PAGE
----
Australia's top bank has taken responsibility after a typo was spotted on the $50 note.
Last year the Reserve Bank of Australia (RBA) rolled out its new note which included a range of new tech to help prevent counterfeiting and improve accessibility.
However, photos of the note were shared online, showing that the word 'responsibility' had been misspelled. According to reports, 46 million notes were put into circulation at the time, meaning around AUD $2.3 billion (£1.2bn / US $1.6bn) worth of currency has a misprint.
The new note includes Indigenous writer David Unaipon on one side, and Edith Cowan, Australia's first female parliamentarian, on the other - both of whom have featured for the past 23 years.
However, on Cowan's side of the note is printed one of her most famous quotes - and in the middle of the text, it reads: "It is a great responsibilty [sic] to be the only woman here, and I want to emphasise the necessity which exists for other women being here." The text is repeated several times in microscopic print.
The typo was copied several times on the banknote. Credit: PA
The error was only spotted by the bank this week - almost seven months after the $50 came into circulation - when a listener to Australian radio station Triple M sent in a magnified photo.
A spokesperson for the RBA said the bank "is aware of it and the spelling will be corrected at the next print run."
But the RBA isn't the only national body to have been caught out recently.
Earlier this month a text was leaked by a disgruntled customer after Australia Post failed to deliver their package.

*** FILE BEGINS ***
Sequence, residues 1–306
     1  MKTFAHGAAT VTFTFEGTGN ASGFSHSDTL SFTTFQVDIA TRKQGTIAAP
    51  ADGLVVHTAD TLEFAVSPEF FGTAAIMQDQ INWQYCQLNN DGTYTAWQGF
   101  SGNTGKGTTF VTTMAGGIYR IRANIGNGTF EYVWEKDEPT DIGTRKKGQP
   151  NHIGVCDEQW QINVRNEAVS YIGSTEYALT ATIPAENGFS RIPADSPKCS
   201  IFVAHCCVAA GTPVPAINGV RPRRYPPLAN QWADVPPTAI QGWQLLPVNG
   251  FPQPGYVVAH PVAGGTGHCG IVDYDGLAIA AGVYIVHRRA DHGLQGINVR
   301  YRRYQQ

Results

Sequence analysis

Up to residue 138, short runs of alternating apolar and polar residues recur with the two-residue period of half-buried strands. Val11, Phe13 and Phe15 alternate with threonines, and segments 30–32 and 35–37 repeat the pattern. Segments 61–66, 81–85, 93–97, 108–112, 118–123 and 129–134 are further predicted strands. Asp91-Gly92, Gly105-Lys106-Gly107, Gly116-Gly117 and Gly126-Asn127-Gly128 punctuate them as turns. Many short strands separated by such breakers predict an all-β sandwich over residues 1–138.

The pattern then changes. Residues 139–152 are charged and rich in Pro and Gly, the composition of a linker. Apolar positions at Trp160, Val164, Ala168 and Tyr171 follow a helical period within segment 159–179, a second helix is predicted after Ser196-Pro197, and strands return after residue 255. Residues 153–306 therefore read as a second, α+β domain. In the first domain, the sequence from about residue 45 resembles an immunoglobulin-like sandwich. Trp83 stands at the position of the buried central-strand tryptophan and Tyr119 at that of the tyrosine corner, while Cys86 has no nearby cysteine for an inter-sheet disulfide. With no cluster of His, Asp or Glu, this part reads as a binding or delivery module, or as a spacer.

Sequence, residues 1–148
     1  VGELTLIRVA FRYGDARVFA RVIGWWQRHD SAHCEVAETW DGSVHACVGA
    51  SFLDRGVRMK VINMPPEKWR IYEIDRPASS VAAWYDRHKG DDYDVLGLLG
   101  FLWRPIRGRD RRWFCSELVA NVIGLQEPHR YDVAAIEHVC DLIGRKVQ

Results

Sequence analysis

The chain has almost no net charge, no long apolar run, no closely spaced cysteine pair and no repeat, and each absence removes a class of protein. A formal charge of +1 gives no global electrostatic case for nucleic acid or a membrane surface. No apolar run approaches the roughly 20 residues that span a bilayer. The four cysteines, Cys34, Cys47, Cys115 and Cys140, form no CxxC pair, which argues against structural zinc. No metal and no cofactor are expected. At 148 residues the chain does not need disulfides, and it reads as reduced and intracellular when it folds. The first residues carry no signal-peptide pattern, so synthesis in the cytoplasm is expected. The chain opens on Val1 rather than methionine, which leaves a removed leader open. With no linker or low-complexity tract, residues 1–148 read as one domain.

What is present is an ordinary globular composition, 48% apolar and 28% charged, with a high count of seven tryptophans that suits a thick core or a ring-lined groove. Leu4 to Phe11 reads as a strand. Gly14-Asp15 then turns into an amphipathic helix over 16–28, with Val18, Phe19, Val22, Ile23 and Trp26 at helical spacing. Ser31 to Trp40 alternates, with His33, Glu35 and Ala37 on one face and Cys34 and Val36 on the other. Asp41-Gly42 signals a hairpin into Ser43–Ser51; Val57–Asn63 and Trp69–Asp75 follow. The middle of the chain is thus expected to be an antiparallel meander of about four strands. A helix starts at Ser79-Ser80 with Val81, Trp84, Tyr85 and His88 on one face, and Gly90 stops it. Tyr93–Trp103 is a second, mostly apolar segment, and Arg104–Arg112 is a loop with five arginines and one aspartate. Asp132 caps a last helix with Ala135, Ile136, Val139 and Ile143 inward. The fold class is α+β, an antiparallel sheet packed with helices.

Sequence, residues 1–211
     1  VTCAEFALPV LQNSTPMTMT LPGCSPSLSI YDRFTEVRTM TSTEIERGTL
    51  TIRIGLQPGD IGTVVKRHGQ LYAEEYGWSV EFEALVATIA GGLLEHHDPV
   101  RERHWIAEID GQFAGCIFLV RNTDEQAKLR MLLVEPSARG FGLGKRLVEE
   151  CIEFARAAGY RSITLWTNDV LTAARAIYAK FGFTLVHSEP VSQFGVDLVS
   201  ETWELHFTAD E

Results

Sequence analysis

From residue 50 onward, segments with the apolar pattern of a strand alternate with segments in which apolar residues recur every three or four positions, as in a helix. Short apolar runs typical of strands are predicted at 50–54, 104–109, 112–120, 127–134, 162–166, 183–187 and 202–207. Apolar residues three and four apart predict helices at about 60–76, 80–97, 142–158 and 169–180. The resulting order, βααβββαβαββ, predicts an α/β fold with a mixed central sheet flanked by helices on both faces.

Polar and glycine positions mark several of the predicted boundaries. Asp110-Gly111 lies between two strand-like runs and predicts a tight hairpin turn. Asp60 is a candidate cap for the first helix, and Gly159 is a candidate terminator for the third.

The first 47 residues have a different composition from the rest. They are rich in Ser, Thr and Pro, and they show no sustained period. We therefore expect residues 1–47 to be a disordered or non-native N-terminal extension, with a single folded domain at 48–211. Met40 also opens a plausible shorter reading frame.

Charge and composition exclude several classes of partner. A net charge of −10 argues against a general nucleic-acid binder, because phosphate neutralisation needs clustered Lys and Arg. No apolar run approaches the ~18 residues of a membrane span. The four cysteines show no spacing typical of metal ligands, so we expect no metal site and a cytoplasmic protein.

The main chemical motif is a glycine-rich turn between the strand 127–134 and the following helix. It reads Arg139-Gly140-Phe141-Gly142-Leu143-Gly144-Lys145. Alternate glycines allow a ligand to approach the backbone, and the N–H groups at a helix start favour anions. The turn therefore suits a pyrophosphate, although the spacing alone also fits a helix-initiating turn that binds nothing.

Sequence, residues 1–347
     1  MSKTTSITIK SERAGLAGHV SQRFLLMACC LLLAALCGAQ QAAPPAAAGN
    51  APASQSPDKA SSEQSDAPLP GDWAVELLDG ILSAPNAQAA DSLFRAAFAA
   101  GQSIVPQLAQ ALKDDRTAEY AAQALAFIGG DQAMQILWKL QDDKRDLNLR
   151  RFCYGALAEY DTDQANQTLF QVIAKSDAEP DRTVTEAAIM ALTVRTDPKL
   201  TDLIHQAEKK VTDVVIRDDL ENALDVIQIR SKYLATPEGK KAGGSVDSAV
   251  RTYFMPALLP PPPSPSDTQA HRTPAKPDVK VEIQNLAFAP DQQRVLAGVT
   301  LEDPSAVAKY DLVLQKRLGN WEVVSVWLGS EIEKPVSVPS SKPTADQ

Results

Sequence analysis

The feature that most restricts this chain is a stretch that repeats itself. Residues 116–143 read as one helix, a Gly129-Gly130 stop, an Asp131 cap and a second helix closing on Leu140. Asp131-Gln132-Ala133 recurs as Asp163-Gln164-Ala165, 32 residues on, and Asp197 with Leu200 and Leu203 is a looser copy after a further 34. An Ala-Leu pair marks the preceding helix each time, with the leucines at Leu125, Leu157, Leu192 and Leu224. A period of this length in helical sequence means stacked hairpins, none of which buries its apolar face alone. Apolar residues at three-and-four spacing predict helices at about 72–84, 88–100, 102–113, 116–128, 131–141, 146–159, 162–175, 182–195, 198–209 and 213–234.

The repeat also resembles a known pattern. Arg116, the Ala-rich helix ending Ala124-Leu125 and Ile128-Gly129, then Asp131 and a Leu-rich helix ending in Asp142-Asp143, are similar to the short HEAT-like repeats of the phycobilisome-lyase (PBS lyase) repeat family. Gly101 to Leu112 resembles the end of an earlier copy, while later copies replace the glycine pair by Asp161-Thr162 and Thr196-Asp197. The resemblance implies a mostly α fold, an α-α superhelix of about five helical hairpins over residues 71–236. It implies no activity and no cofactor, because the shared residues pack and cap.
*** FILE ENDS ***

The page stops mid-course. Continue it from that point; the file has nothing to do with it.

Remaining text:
The message asked them whether they wanted the delivery driver to drop off the package at home or to the nearest Post Office. However, he time stamp shows they replied within one minute asking for it to be taken to their place.
The error occurred on the new $50 note, printed in October last year. Credit: Reserve Bank of Australia
It said: "Sorry, your reply received too late. The driver has already been to your home."
The post has gone viral on Reddit, with many people sharing similar stories.
"This happened to me. Except I was home and waiting by the door all morning. Actually this has happened multiple times to me. Then you watch the ads about Australia Post caring," wrote one person.
A second added: "The best had to be when I was coming home. I saw the guy drive up to my drive way, sit in his car, and then put the slip in the mailbox. He sheepishly told me that he couldn't do anything because he already marked it as couldn't be delivered. Forcing him to stick around and calling up AusPost a few minutes later, I had my parcel."
Get it together, guys.
Featured Image Credit: Auburn Alumni Association (Creative Commons)